Active surveillance for prostate cancer
Active surveillance may be a treatment option for some men with prostate cancer that has a very low risk of progressing. Active surveillance means the healthcare team watches the cancer closely. Treatment is given if there are any signs of the tumour growing or showing signs of an increased risk of progression.
Many men diagnosed with prostate cancer will not need to have treatment as soon as they have been diagnosed. Most prostate cancers are slow-growing tumours, and many remain confined to the prostate gland. Older men diagnosed with this type of prostate tumour are more likely to die from other coexisting diseases rather than from prostate cancer. They are often unlikely to notice any signs or symptoms of their cancer for many years. Active surveillance is usually the treatment of choice in older men and those with significant medical problems (especially if life expectancy less than 10 years). However, it is also suitable for many healthy, younger men.
Active surveillance is not known to have negative effects or to reduce long-term survival.
Active surveillance may be a treatment option for men with prostate cancer who:
- have low-grade (Gleason score 6) or sometimes intermediate-grade (Gleason score 7) prostate cancer that is confined to the prostate (early stage) and is considered low (favourable) risk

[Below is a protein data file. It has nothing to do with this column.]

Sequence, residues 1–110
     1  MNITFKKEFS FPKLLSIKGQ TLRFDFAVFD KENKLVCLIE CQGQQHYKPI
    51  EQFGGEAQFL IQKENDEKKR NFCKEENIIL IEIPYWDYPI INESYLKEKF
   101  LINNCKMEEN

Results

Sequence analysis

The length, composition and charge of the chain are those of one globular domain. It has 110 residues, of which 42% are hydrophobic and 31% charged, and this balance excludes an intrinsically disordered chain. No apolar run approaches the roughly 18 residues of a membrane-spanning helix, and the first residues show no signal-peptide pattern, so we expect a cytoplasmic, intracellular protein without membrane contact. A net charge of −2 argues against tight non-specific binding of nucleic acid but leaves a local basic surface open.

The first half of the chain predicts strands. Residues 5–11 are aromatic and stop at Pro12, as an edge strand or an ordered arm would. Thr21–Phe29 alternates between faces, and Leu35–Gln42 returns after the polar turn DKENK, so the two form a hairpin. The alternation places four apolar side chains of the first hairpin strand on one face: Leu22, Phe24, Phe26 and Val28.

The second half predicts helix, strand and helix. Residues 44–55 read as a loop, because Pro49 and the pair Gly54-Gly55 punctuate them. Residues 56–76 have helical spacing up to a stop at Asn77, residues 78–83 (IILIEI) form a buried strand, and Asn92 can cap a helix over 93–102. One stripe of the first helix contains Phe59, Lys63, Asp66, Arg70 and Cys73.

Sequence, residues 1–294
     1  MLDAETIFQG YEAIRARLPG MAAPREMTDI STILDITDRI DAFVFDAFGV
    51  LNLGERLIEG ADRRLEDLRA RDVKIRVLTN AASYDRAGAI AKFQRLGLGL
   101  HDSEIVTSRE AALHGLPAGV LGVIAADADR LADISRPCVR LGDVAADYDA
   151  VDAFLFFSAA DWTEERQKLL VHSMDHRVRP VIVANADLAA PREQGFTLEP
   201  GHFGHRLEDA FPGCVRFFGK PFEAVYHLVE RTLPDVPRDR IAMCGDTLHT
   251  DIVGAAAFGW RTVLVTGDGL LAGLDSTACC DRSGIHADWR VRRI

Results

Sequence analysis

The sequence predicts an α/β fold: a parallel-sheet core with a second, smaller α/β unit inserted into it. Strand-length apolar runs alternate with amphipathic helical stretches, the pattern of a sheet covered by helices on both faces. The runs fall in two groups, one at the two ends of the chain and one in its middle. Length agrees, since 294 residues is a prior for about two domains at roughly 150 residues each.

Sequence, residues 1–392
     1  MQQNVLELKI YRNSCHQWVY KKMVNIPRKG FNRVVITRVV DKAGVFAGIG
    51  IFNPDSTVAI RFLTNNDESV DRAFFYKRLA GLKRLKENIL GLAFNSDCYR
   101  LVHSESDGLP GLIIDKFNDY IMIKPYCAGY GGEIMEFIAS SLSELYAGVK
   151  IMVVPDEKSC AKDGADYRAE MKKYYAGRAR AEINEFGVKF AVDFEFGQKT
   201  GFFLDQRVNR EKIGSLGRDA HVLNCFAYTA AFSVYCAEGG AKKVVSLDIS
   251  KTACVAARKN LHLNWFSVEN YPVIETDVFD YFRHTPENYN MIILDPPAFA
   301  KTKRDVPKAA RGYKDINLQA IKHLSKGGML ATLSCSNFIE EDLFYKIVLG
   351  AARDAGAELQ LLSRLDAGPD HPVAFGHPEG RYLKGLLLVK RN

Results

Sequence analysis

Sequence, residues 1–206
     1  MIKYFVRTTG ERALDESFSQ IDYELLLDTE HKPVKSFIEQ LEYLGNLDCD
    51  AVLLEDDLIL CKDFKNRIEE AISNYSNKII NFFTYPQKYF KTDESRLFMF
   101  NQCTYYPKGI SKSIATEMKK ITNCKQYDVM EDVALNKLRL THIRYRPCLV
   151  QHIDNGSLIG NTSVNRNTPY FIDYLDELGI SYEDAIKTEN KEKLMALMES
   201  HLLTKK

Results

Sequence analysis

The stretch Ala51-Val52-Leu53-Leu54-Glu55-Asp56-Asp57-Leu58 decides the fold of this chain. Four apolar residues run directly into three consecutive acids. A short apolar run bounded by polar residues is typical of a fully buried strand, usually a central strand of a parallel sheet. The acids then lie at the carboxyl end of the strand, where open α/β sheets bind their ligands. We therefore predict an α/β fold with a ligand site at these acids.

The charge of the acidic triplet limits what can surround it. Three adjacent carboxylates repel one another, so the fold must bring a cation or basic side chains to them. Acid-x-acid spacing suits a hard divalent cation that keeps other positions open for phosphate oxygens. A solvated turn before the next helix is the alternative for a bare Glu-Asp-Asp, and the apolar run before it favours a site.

- prefer not to have immediate treatment for prostate cancer, to avoid side effects and preserve their quality of life
During active surveillance, regular tests will be done about every 3 to 6 months to monitor the prostate cancer. This can vary depending on the individual situation. Tests may include:
- prostate-specific antigen (PSA) test
- physical examination, including a digital rectal examination (DRE)
- prostate biopsy
- bone scan, chest x-ray or CT scan, depending on signs and symptoms
- MRI of the prostate (in some cases)
Treatment such as surgery or radiation therapy is started if:
- the PSA level consistently rises over time
- the Gleason score increases on follow-up biopsies
- there are symptoms and tests that show the cancer is progressing
Some men may find it too stressful to have their prostate cancer watched or monitored without active treatment. For these men, immediate therapy may be the preferred option.
|Advantages of active surveillance||Disadvantages of active surveillance|
avoids unnecessary treatment and side effects
risk of spread and missed chance of a cure
quality of life unchanged
frequent follow-up visits and tests
It is very important for a man with prostate cancer to be well informed about the details of his diagnosis and treatment options as well as the potential side effects. This allows him to choose the treatment option that is best for him.
Brock has been cancer free for over a decade, thanks to the support we received from the Canadian Cancer Society.
Establishing a national caregivers strategy
The Canadian Cancer Society is actively lobbying the federal government to establish a national caregivers strategy to ensure there is more financial support for this important group of people.